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Thread: post code validation

  1. #1
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    hi, in a cell, people would enter their post code, but it must be in correct pst code format XXXX XXX how can i get it to display an error message if the format is incorrect?



    BoB

    [ This Message was edited by: canablitz on 2002-04-01 07:28 ]

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    are you sure they're static formats ?

    mine is XX8X 8XX (South West London)
    and my parents' is X88 8XX (Sheffield)
    friend's is XX88 8XX (Bristol)
    also X8 8XX (North London)


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    From :

    http://www.ccg.leeds.ac.uk/linda/geo..._defsfull.html

    What are the issues involved in postcode geography?

    The UK Postcode is a summary of an address in a form which can be read by a computer and thus enables mail to be sorted automatically. It consists of a group of letters and numbers whose format conforms to a set of standards. Every address in the UK to which the Royal Mail delivers has been given a postcode. Most postcodes represent a small group of households and therefore subdivide the UK into small areas.

    The Postcode geography, like the Census geography, consists of a group of nested spatial units, which are uniquely labelled using a hierarchical code. There are four levels in this hierarchy:


    Postcode Areas,
    Postcode Districts,
    Postcode Sectors, and
    Unit Postcodes.
    broken down into:
    Level in spatial hierarchy Number of units
    Postcode Areas 120
    Postcode Districts 2,679
    Postcode Sectors 8,820
    Residential Unit Postcodes 1,397,754
    Non Residential Unit Postcodes 151,765
    Large Users Unit Postcodes 171,541
    Total Unit Postcodes 1,721,060
    Residential delivery points 23,845,162


    The Post Office works by sending mail to District sorting offices from where it is redistributed to individual delivery points. The advantage of sorting mail at such a local level is that the local knowledge of the area can be used to correct mistakes. This is one of the strengths of the postcode system.

    This two stage process is represented in the Postcode itself, in that it has two parts separated by a space. The first part is called the Outward Code and contains information that allows the mail to reach the district sorting office. The second part is called the Inward Code and is used to target the mail to a small number of delivery points.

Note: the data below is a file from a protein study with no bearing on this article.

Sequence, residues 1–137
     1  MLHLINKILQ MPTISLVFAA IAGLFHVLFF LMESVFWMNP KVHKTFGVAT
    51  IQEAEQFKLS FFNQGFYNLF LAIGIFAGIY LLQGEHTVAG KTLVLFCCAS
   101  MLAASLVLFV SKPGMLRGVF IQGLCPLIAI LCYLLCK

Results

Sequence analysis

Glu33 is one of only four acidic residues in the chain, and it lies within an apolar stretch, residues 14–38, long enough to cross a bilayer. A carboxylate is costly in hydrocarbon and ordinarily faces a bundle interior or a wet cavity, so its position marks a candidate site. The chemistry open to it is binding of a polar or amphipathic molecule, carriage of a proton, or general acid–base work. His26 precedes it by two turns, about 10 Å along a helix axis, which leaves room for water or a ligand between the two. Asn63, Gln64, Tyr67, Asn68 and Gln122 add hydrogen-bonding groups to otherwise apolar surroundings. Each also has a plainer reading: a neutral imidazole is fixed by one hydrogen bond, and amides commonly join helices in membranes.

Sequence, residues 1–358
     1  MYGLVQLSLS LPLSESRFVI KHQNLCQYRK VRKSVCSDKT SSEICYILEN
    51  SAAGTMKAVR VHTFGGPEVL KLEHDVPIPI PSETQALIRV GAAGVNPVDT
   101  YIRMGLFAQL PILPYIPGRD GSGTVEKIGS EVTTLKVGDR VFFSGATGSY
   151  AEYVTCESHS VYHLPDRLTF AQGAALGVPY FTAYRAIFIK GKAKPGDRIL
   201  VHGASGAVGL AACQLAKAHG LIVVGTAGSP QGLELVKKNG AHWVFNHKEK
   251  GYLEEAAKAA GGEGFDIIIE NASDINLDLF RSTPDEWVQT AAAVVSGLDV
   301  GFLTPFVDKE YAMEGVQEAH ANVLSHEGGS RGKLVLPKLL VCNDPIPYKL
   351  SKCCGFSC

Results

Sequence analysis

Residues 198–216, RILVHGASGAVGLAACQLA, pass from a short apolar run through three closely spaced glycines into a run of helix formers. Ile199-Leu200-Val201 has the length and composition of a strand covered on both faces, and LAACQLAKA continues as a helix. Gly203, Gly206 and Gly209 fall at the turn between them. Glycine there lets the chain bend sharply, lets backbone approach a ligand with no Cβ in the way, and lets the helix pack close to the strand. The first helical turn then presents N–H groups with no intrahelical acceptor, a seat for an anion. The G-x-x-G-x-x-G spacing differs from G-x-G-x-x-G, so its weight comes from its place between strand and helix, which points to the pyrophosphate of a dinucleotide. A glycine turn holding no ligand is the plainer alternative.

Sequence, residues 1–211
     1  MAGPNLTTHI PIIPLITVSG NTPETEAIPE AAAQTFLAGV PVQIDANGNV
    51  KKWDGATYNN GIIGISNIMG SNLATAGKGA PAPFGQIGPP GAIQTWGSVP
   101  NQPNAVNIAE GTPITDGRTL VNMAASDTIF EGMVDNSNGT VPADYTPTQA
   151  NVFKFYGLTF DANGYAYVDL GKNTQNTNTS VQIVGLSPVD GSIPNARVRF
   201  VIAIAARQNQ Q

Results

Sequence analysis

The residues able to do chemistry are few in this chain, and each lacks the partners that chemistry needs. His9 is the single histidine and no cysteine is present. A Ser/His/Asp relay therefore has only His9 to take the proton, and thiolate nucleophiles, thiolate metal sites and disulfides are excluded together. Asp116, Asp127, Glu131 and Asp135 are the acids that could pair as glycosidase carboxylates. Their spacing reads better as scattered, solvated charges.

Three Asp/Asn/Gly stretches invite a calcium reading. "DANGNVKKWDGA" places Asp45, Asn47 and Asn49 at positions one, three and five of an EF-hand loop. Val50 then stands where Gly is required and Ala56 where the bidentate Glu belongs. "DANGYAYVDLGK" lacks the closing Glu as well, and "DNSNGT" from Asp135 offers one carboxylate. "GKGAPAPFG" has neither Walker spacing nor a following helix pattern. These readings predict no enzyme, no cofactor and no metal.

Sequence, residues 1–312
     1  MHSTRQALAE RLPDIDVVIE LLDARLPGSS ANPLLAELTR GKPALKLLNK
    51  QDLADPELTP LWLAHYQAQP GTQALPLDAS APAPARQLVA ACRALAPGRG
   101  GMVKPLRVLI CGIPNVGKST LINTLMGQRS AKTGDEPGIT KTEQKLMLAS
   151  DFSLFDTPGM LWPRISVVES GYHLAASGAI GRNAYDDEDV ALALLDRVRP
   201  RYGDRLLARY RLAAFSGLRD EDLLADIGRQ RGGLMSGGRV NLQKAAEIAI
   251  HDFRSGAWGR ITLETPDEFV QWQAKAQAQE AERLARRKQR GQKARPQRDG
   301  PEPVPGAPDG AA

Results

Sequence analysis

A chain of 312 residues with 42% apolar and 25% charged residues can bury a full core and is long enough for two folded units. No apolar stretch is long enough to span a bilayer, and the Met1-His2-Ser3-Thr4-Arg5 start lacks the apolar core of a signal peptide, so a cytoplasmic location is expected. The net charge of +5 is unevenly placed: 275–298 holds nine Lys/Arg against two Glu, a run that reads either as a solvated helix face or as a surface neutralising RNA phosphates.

The Postcode
    The Outward Code: The largest postal unit is the Postcode Area. Most of these are (or were) centred on major nodes in the national transport network. They are generally denoted by two alphabetic characters, chosen wherever possible to be a mnemonic for the place (e.g. OX is the Area code for Oxfordshire).

    Each Postcode Area is subdivided into Postcode Districts each denoted by a number ranging between 0 and 99; thus OX5 is a postcode district covering the Cherwell area in Oxfordshire. The Inward Code: The postcode sector is also indicated by a number; a single digit between 1 and 9 and then 0. Hence, OX5 2 is the Postcode Sector, which includes the village of Islip, in the Cherwell District. The full postcode is produced by adding two final alphabetic characters; OX5 2SH is a group of 48 households in Islip.


    Types of Postcode
    There are three types of Unit Postcode. Organisations which receive more than 25 items of mail each day in urban areas and more than 50 items in rural areas are normally given their own Large User Postcode. PO Boxes are also catagorised as Large User Postcodes.


    The Central Postcode Directory
    The Central Postcode Directory is a computerised directory that links each postcode in the UK to its ward, district, county and National Grid reference. The CPD was created by the Census Offices in conjunction with the Royal Mail. The first address within the postcode is used in making the linkage and all other address within the postcode are allocated the same ward, district and county. The directory is updated by the Post Office twice a year and is estimated to omit only about 0.1 per cent of postcodes. Unfortunately, the version purchased by the academic community (held by both the ESRC Data Archive, Essex, and at the MCC at MIDAS) is updated less frequently. This file is central to the Leeds GAS as it allows the postcodes that are entered to be linked to the census information.


    Postcode Formats
    The format of the Postcode is not truly common across the whole of Britain. The following Table lists the variety of different formats that exist.


    Format Example Number of Outcodes in the form
    AN NAA S3 9JD 70
    ANN NAA S34 3AB 262
    AAN NAA OX5 2SH 1052
    AANN NAA DN169AA 1482
    ANA NAA W1P 1PA 9 (only in W1)
    AANA NAA EC1A 1HQ 49 (only London districts EC1-4, SW1, WC1-2)
    AAA NAA GIR 0AA One-off postcode used by the National Giro Bank


    Other conventions are that the letter J is not used in either the first two alphabetic positions of the postcode and Q, V and X are not used in the first alphabetic postion. The letters I and Z are not used in the second alphabetic position. There are also restrictions on the letters used in the inward code which means that there are 400 letter pairs available.

    Hope this helps
    Chris

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    Wow!
    That was a reply!
    Tom

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